Language is constantly evolving, and using the most inclusive and accurate terminology to describe people, groups of people, pronouns, conditions, and other identity- or ability-related topics is critical to reflecting your firm’s commitment to DEI—not just in DEI-specific materials but throughout your firm’s comms.

We recommend starting by asking yourself:

  1. Are we being specific and intentional in our taxonomy?
  2. Are we updating our comms as language evolves?
  3. What steps can we take to ensure that we’re staying up-to-date?

Let’s take a closer look at each of these questions.

Am I being specific and intentional in my taxonomy? When choosing what taxonomy to use, it is not just about clarity but about understanding nuances and context. Do your due diligence so that you can be as specific as possible and recognize that there is no one-size-fits-all. Language should be chosen intentionally based on the situation and who you’re addressing.

For example, we often see Latino/a/Hispanic and Black/African American used interchangeably, but each has a specific meaning and cultural context. Taking time to understand these nuances and being respectful of your audience show that you’re prioritizing making your clients and employees feel valued and included. When in doubt, consult with communities affected. This is a great opportunity to speak with leaders and members of inclusion networks.

Am I updating my comms as language evolves? Language to describe DEI-related concepts, groups or initiatives is dynamic and what is considered inclusive is rapidly changing. The reality is that you’ll need to course correct and update terminology along the way.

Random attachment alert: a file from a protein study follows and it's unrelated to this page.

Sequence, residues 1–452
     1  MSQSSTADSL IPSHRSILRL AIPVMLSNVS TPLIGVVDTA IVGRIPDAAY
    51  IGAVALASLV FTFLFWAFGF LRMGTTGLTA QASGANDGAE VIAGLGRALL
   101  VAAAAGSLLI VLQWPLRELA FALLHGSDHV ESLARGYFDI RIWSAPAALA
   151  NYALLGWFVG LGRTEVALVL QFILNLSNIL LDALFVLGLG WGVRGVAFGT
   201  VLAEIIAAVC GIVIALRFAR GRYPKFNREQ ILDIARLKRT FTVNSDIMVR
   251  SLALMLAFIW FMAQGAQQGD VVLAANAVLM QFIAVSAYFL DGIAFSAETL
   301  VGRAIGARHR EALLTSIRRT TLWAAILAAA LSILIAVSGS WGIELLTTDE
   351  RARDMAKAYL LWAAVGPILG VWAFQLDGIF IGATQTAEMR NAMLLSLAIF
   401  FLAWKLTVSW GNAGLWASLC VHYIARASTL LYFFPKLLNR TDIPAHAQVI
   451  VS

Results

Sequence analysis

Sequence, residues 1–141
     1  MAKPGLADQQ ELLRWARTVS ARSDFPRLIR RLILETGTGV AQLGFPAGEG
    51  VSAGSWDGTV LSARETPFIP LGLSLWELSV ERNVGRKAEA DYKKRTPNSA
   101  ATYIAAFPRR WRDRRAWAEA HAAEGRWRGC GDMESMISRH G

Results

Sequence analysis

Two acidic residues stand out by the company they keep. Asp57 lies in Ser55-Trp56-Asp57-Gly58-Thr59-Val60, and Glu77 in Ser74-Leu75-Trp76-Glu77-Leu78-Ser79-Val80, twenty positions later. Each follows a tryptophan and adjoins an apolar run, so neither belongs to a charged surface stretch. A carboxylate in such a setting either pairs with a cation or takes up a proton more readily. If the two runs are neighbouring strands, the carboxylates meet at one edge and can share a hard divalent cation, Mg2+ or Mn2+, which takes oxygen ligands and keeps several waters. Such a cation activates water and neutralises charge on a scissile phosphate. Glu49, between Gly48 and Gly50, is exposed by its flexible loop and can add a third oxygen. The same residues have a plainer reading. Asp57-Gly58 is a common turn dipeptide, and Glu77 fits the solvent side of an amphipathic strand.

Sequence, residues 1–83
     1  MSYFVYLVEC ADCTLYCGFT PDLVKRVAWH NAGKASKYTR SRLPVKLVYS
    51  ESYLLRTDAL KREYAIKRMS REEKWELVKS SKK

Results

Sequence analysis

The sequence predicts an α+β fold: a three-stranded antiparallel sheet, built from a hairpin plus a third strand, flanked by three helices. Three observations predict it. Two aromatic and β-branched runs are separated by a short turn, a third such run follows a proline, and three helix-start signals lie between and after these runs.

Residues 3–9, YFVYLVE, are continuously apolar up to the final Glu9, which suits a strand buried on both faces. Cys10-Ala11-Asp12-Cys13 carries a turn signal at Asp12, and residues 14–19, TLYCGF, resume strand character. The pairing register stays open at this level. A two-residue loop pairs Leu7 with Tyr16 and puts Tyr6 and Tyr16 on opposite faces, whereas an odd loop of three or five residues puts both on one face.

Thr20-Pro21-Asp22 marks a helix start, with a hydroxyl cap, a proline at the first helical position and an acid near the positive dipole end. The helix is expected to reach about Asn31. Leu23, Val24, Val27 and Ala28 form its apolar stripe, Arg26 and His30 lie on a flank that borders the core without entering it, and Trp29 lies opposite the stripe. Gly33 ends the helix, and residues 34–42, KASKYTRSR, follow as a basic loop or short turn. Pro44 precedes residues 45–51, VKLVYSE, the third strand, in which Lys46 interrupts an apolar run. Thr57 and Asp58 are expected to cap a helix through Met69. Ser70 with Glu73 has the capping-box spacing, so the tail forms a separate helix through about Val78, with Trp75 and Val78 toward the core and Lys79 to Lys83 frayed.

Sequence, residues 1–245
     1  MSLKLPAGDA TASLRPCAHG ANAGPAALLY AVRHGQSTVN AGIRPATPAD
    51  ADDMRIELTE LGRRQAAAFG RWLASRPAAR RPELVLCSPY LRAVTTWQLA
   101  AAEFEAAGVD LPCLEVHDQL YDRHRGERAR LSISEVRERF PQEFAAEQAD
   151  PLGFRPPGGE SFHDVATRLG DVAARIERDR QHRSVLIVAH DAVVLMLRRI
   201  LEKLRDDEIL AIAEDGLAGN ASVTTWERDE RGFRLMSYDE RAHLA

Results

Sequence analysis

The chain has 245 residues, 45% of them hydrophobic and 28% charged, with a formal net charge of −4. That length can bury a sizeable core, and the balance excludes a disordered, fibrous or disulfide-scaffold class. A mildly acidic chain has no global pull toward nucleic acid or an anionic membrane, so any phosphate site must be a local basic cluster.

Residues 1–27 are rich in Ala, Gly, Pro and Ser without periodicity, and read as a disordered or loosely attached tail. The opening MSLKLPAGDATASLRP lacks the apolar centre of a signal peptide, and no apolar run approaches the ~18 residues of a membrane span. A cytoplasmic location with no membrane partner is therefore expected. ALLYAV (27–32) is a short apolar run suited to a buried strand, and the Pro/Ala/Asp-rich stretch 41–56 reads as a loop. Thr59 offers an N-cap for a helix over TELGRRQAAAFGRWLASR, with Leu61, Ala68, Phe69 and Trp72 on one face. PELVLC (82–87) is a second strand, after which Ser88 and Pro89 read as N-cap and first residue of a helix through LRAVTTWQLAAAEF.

For example, though widely used a few years ago, the acronym POC has fallen out of favor. It is now considered to have become flattened and meaningless, as it has morphed into a catch-all for anyone who is not White. Many DEI experts and advocates now prefer to use BIPOC or to name each individual group instead of using an acronym. Using the current preferred language can go a long way to show that your firm is not only culturally competent but also putting in the effort to learn and grow.

What steps can I take to ensure that I’m staying up-to-date? Reading op-eds, monitoring online dialogue and academic discourse, and engaging inclusion network leaders and members in pre-publication reviews is a best practice. The most important thing is that you continue to educate yourself, be open to feedback, and listen to members of the groups you’re addressing or referencing.

We recently published an extensive DEI report that goes further into these topics. If you’re struggling with your DEI comms or simply curious if there are areas where your firm could perform better, you can download it [here].

Three Furies is a certified woman-owned business, brand, and content strategy agency with deep experience in the legal marketing sector, including digital marketing analysis, brand and digital design, communications strategy, and advertising campaigns.